November 30th, 2010 Adam Ebner

As reported in Nationwide Deregulated Energy News

In a very competitive marketplace, energy deregulation gives businesses better control of their business electricity costs. Aside from that, there are myriad other benefits and option that their companies would get from a deregulated and competitive energy market – options that were not possible in the past due to high energy expenses and limitations set by the monopolized energy industry.

The deregulation of the many utilities markets gave birth to the emergence of several retail electric providers all competing for subscriptions from both residential and commercial energy users in the state and in energy deregulated cities such as Philadelphia, Pittsburgh, New York City, Chicago, Washington DC, Houston, Dallas and many others. Now given the power to choose, selecting from over 50 retail electricity providers can be a daunting task indeed; with businesses finding themselves at the losing end should they fail to choose the best provider for their needs. This is why businesses should work in partnership with certified electricity brokers to negotiate in their behalf the best electrical rates, payment schemes and other amenities from the various Texas electric companies.

Electricity Brokers:

Your Helping Hand Unlike electricity management at home, businesses have more complex processes and operational needs for electricity that if not managed would find them dealing with extremely high energy costs that would eventually affect their bottom line. Electricity brokers can come into the picture and help businesses find ways on how they can efficiently use Texas electricity and help them minimize their energy costs. These brokers deal and negotiate electrical rates with retail electric providers for the benefit of the business.

No matter what business or industry your company may be in, electricity brokers can provide professional services using up-to-date information of the energy market in a bid to obtain the best commercial electricity deals for the company.

Why Should You Use Electricity Brokers to Shop Electricity?

Businesses may not have the resources available to have an independent study or analysis of the various retail electric providers offering commercial electricity before they switch and commit to the services of one. Aside from this, companies may have to deal with all the other elements in the very complex energy market such as new regulations, changes in fees, penalties, reduction of carbon emissions, etc. Hiring an electricity broker can spare the company from all these, so that all their staff and resources can focus on only one thing – doing business.

Electricity brokers can help companies with their procurement decision, eliminate possible over payments, recover over payments, management of energy consumption, and continuous energy usage analysis. Electricity brokers can uncover and identify areas in the business processes where they can implement significant improvements. These brokers are not in any way tied up with any major retail electric provider, allowing them to give unbiased advice to businesses and help them get the best energy solutions for their companies.

Our Perspective:

Hutchinson Business Solutions (HBS) is an independent energy management company. We represent all the major providers selling deregulated energy in deregulated states. We will do a full analysis of your account and shop your account with our  providers to find the best value and savings for your company.

HBS clients are finding savings from 10% to 20% in the deregulated utility market.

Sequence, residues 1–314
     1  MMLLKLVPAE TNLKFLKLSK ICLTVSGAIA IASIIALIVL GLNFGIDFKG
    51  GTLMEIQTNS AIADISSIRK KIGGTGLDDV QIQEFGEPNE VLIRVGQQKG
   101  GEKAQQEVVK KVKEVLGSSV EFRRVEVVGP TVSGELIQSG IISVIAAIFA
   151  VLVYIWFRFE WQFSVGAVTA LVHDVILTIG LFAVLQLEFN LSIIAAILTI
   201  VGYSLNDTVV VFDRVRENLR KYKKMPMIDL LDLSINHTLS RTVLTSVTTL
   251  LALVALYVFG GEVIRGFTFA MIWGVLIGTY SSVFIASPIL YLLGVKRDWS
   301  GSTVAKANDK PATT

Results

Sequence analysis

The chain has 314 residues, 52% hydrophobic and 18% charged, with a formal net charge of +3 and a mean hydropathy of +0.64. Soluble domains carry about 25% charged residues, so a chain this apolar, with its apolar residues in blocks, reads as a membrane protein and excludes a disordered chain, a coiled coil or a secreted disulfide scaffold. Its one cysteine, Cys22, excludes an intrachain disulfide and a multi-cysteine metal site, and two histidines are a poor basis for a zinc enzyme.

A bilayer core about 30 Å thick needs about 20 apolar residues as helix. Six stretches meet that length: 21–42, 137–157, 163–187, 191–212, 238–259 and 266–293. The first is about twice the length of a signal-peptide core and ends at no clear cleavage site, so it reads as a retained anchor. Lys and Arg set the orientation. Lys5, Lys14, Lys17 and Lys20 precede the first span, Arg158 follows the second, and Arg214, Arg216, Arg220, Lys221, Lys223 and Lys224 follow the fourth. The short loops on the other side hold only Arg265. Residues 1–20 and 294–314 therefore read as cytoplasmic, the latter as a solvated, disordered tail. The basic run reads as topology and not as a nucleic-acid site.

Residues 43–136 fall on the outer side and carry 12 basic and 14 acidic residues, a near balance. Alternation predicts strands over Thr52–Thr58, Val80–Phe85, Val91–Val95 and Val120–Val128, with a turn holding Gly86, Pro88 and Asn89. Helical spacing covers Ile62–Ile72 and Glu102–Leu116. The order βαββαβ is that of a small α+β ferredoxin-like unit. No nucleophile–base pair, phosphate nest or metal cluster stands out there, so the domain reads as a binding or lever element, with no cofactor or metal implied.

To learn more email george@hbsadvantage.com

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Trade group looks to revise “price-to-compare” system that helps customers make informed choices about independent power suppliers
 
By Tom Johnson, January 28 in Energy & Environment |
With residential customers finally switching electricity suppliers, a trade group representing independent power companies is hoping the state revamps billing and other procedures to make it easier for consumers to shop for a cheaper energy.
For the first time since the state broke up its electric monopolies more than a decade ago, residential customers and small commercial operations have some choices about who supplies the power to light their homes and businesses.

Because of a steep drop in natural gas prices and the way the state buys electricity, independent power suppliers have an opportunity to undercut the price that public utilities offer customers.

“The big story on the retail electricity side has been the emergence of residential and small commercial markets,” agreed Jay Kooper, New Jersey state chair of the Retail Energy Suppliers Association, a trade group representing so-called Third-Party Suppliers (TPS).

Falling Prices

Until natural gas prices fell, more than 99 percent of residential customers elected to stay with their incumbent electric utility to buy their power, a fact that generated criticism of the state’s deregulation law. Other power suppliers found it hard to beat the price of the incumbents, in part because fuel costs had been rising and the state mitigated those spikes by buying power in chunks over three years, which tended to moderate those increases.

But when natural gas prices began falling more than a year ago, suppliers could undercut the price offered by the state, with some offering price discounts of up to 15 percent on the supply portion of customers’ bills. Nearly 100,000 customers have switched as of November, according to the most recent data compiled by the state Board of Public Utilities (BPU).

With customers looking around for options, the big question for third-party suppliers is how do they sustain the business, especially if natural gas prices begin rising.

To Kooper, the answer is to revamp the state’s policies in two key areas: how to deal with customers who fall behind in their bills and owe the third-party suppliers money and the so-called price-to-compare, a mechanism set up by the state to help customers shop for new suppliers.